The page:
Saturday, April 9, 2016

H is for Horoscopes

Picture this: You are madly in love. You know he's the one. He makes you laugh. He has a job. He comes from the same geographical area in India as your grandfather. You want to marry him. He wants to make you his wife. It should be easy, right?

Wrong!

His mother may love you and you may find his mother adorable. NOTHING is of importance unless your horoscope matches his. NOTHING.

I grew up in a household brimming with cousins and aunts and uncles. Snippets of chatter caught betwixt homework and housework, between my aunts and sundry elders about arranging marriages of eligible bachelors among our cousins, neighbours, neighbour's cousins or, for that matter, even the poor unsuspecting visitors who happened to be single, had convinced me that this piece of paper, your birth chart (horoscope), also called 'kundali' or 'janam patri' was as important as my school leaving certificate (if not more) to secure a decent future. Many middle-class Dehradun dwellers in the 1970s believed that girls secured their future by securing a good husband. That was that. Don't go all feminist on me. I did say 'many' not 'all'. And it was the seventies. Things are SO different these days, right?

Back to the horoscopes of my childhood then.

Here's how to find a suitable match for any person of marriageable age in 1970's small town India.
Note: I use 'he' and 'boy' here but you can replace it with 'she' and 'girl' if the match is for a boy.

Step 1: Spot a good looking boy at any sundry wedding you happen to be attending and make inquiries.

Step 2: Discreetly employ the auntie brigade to do a more than thorough background check. Discretion is of utmost importance. You don't want a good 'murga' i.e. prospective groom to be headhunted by some other family, now do you?
Note: background check must include the following: health, wealth, number of family members, his eating habits, his drinking habits, his degrees, his mother's fashion sense (Ah! you caught me).That would be a bit much even for the khatris of Punjab (the proud warrior caste I belong to).

Step 3: Use a middleman (an elder, local priest or the matchmaker - yes, that's their job title and they existed then and still do) to send word of your interest in the boy to his family and ask for his horoscope.

Step 4: After receiving the document, wait for the astrologer or priest to give you his report. This would mean matching the boy's and the girl's guna or qualities-- not unlike modern dating sites.

“GUN” (“GUNA”) POINTSPREDICTION FOR MARRIED LIFE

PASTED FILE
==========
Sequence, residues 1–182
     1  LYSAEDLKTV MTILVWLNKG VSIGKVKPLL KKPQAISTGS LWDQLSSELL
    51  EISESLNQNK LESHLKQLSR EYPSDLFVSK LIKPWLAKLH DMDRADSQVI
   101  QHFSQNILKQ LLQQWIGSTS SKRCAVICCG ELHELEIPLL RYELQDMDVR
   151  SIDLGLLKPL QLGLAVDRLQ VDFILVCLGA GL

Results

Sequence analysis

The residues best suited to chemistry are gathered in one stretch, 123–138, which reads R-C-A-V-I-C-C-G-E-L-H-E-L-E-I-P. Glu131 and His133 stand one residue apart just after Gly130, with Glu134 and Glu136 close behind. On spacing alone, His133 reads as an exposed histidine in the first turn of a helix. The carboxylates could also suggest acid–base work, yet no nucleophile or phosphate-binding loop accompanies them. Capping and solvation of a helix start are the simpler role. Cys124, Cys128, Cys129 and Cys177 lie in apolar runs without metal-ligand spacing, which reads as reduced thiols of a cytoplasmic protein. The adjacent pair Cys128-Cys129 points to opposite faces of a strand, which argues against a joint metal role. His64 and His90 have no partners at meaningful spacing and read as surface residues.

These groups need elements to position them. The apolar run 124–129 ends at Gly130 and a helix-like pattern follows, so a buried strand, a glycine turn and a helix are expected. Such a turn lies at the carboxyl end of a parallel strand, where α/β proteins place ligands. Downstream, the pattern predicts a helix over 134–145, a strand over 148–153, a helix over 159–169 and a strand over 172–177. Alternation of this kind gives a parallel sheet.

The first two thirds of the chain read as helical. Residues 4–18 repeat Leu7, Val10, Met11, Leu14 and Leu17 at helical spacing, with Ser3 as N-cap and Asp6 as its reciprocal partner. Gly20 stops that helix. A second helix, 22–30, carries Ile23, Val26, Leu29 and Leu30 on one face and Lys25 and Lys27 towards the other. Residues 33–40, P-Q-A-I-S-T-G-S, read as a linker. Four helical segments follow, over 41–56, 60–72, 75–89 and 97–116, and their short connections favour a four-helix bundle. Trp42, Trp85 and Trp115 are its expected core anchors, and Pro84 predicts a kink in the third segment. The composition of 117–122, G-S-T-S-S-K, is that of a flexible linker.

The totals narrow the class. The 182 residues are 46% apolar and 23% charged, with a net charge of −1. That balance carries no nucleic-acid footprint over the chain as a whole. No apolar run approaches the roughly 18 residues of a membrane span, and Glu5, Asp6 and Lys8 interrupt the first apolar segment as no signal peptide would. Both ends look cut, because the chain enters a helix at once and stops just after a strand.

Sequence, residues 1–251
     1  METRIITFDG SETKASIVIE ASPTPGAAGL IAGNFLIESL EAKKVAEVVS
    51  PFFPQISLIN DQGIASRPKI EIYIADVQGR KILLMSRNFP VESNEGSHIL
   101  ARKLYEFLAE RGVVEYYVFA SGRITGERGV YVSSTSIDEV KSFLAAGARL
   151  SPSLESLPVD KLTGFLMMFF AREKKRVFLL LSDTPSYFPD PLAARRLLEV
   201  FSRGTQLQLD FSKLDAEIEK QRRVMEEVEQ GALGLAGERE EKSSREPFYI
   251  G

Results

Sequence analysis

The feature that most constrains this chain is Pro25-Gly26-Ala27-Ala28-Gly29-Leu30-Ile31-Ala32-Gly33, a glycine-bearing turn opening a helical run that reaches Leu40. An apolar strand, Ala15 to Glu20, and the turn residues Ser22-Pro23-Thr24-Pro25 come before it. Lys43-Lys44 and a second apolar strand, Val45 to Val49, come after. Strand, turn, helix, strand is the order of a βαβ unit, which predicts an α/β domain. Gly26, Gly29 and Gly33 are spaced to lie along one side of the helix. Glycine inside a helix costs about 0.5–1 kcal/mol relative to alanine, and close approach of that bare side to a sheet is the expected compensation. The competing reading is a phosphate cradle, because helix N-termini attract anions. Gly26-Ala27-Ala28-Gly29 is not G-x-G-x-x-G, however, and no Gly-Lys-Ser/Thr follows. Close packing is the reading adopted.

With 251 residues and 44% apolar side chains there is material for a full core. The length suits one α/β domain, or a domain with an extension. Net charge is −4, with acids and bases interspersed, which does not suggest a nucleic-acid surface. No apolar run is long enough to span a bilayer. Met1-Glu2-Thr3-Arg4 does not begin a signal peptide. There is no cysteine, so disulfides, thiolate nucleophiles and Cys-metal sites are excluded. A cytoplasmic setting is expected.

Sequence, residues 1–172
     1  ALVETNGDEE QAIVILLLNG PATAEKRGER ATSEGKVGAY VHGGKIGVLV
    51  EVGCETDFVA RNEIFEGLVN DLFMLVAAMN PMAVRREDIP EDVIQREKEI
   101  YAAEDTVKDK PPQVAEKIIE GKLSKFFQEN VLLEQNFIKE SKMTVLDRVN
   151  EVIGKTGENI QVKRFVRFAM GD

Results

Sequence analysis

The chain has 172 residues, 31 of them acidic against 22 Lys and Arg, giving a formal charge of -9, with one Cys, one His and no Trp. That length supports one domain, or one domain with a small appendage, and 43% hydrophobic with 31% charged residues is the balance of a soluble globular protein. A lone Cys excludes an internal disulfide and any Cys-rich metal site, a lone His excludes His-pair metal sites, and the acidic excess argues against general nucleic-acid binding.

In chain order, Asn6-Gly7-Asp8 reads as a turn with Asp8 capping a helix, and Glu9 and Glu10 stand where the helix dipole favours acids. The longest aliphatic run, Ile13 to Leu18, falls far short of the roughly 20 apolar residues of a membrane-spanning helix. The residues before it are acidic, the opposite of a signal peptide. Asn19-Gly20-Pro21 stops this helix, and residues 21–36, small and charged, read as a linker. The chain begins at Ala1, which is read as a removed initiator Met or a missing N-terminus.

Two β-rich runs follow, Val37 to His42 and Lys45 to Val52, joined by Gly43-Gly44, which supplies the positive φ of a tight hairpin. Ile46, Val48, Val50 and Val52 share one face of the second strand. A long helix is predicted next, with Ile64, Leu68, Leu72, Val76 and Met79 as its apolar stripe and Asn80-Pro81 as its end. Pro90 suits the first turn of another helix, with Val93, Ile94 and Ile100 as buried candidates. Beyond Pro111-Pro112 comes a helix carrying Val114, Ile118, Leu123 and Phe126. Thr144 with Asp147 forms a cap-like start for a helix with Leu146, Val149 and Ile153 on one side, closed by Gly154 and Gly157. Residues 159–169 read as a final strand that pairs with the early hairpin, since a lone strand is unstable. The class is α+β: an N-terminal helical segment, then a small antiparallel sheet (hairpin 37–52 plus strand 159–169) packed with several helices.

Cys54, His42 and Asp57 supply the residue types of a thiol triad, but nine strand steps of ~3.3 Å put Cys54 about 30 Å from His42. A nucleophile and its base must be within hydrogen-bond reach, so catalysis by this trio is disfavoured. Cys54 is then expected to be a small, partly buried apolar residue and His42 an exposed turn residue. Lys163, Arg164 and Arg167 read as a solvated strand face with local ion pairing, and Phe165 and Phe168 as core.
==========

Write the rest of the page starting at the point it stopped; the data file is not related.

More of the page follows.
Less than 18NOT COMPATIBLE. This marriage may not succeed.
18 to 24AVERAGE SCORE. Wedding match is acceptable.
25 to 32VERY GOOD MATCH. Marriage should be a success.
33 to 36EXCELLENT MATCH. Marriage should be a success
For a more detailed analysis, check out: 

Step 5:
Scenario A:  If the guna matching score is above 25, start thinking of 'how to finance the wedding'.
Scenario B:  If it's near 36, start shopping for the wedding.
Scenario C:  If it's below 25, spread the word that the boy has body odour issues or that the girl falls short of your minimum height requirement by half an inch.

Step 6: Announce the engagement (only in scenarios A and B). In case it's scenario C, go back to 'step 1' and start again.

p.s. If you think this is the end, think again. The journey from announcing the engagement to enjoying wedding bliss is a long and eventful one (for another day, another post, I think!)

More than twenty-three years ago, I squeezed inside a tiny phone booth in Chennai (then Madras), sticking my ear close to the phone when my boyfriend (currently husband) called his father to tell him that we were planning to get married.

'What's her day and date and place of birth?' was the first question my soon to be father-in-law asked after expressing his happiness and giving us his blessings.

Luckily, we scored pretty high and live to tell the tale.

If the gunas hadn't matched, I would've entrapped him into an elopement and then written about it in 'E is for Eloping'. Remember, I belong to the proud warrior caste? We don't take no for an answer.

These days, however, the daily horoscope published in the local daily comes home in the evening when my husband gets back home after work. We each pour over our star signs, reading the prediction for the day that is almost over and ask each other, "How was your day?"